willing to develop new styles of worship.
look upon this ministry as a partnership between the priest and the PCC, and we
want to work together to achieve this. We appreciate that we need to take this
message out into the community to engage with them.
Judging by the number of families
who came to our Crib Service at Christmas (200-250), there is a huge potential
to include people of all ages who are seeking a spiritual dimension.
We are seeking someone who will
be in the community through a pastoral presence. This visible presence of the
church in the community is supported by the Care Circle and by those who
administer home communion. The Church School is geographically next to the
Vicarage and the link between the church community and school is a top priority.
Links with the community: Elham is a vibrant busy village with huge
potential for the church congregation to grow. The Church is at the centre of
the village and is always open during daylight hours for visitors, private
prayer, and there is a second hand book store which people visit regularly and
it encourages them to come inside the building. Church members are widely involved in village activities and
societies, and we have a representative on the Village Hall Committee. The Village
Magazine, delivered free to all households, has a “Church Matters” page.
Church School: We have an excellent Church of England School
in the village. A new Headmaster, Mr Dan File has recently arrived. The
Incumbent is ex officio a School Governor and is welcomed in taking an active
part in School Assemblies. The Church hosts many regular School services and
events. The already strong links need to be encouraged, but a large number of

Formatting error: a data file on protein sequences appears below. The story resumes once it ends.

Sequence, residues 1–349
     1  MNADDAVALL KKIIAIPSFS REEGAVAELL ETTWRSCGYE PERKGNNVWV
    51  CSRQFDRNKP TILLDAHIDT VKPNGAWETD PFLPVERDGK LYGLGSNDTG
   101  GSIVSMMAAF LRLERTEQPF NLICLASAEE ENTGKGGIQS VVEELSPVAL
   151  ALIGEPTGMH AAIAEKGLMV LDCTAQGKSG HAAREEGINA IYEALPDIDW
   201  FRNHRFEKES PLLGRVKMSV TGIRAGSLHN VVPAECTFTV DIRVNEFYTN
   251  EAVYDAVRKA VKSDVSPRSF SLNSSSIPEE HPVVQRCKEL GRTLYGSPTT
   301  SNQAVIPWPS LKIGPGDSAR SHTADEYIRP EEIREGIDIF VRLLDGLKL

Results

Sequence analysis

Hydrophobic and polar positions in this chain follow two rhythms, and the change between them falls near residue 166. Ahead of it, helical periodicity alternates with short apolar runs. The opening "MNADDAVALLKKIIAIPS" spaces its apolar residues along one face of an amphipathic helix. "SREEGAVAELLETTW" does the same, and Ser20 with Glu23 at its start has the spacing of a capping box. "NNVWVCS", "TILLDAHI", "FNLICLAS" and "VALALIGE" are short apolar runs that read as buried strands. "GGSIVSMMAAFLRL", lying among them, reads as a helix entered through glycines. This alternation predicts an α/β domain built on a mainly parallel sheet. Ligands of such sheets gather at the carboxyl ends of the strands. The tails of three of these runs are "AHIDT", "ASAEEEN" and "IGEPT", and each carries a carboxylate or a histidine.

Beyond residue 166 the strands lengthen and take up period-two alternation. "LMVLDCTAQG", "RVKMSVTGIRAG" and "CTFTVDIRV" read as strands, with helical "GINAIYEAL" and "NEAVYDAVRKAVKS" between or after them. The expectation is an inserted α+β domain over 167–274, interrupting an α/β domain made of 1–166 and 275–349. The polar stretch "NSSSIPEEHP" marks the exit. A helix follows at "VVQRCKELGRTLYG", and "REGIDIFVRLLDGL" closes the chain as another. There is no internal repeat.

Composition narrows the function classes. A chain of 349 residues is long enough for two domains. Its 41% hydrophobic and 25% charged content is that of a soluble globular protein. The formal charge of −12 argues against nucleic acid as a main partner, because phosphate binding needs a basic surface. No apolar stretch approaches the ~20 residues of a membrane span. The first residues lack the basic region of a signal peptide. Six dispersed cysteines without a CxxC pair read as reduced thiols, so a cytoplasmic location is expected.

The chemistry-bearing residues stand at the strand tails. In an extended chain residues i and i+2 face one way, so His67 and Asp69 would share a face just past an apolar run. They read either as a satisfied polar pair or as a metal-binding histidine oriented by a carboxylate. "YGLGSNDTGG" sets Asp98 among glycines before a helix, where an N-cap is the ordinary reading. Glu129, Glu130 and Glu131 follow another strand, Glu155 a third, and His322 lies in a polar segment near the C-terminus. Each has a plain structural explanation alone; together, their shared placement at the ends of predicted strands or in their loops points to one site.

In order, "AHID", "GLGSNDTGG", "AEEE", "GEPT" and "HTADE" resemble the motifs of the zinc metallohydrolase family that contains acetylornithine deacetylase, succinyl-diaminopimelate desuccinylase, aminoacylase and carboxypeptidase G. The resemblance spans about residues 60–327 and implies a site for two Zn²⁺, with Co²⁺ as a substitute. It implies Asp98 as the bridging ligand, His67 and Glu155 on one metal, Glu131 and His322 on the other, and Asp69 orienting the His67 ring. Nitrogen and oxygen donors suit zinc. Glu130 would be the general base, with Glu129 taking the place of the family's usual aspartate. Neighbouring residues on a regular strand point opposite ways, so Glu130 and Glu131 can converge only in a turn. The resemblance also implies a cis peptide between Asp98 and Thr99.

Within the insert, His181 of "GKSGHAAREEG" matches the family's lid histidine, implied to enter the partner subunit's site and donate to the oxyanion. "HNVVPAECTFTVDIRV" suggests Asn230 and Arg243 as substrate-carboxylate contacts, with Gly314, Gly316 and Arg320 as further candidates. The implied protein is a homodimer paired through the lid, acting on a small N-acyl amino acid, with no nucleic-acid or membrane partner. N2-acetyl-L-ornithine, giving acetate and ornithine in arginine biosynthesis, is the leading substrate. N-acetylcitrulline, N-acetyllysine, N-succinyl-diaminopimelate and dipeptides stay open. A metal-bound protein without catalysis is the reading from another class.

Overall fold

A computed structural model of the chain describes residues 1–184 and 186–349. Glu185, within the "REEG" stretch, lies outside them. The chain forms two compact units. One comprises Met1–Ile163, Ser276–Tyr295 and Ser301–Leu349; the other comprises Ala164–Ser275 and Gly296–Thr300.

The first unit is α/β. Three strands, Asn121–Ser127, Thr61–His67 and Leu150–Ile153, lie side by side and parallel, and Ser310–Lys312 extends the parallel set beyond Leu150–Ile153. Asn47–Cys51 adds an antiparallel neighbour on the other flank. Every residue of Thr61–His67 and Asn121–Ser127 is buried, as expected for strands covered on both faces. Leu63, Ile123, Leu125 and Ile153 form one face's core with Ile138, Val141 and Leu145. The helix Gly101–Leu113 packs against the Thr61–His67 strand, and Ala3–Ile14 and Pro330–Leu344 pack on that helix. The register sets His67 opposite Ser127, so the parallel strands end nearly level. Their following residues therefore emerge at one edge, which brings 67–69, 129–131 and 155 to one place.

children do come from outside the village boundary.
The Headteacher writes: “As a Church of England Aided Primary School,
Elham Primary’s ethos and morals are centred on key Christian values. We enjoy our links with St Mary’s Church and
visit often. We would like to strengthen these links with our new vicar. We
hope that he or she will be able to lead weekly collective worship in our school
and also in St Mary’s Church, when possible. The children would like someone
with a sense of fun and someone who can make assemblies interesting and
inspiring, linking to the modern global community. We would also value someone
who can contribute to the everyday learning in our school by visiting outside
of worship times.”
A beautiful mediaeval church – well maintained and a lovely modern vicarage.
Good links with the MethodistChurch, the Roman Catholics, and a Bible Study group
led by a local Baptist. Regular Prayer
breakfast in Methodist Church Hall, every 2/3 months which are well attended.
Well organised and enthusiastic Church, with established committees organizing most
of church life, for example a Worship Committee, and a Social & Fundraising
Committee. There are also the “Friends of St Mary’s” raising money for church
maintenance – recently redecorated the interior and provided new flood lights
BUT we need an inspirational leader, who will
be welcomed by the enthusiastic PCCs and congregations to work closely together
and help us all to flourish.
Set in the beautiful Elham Valley
running between Canterbury and Folkestone, Elham is a picturesque and vibrant
village yet is only one hour by fast train from London and 45 minutes by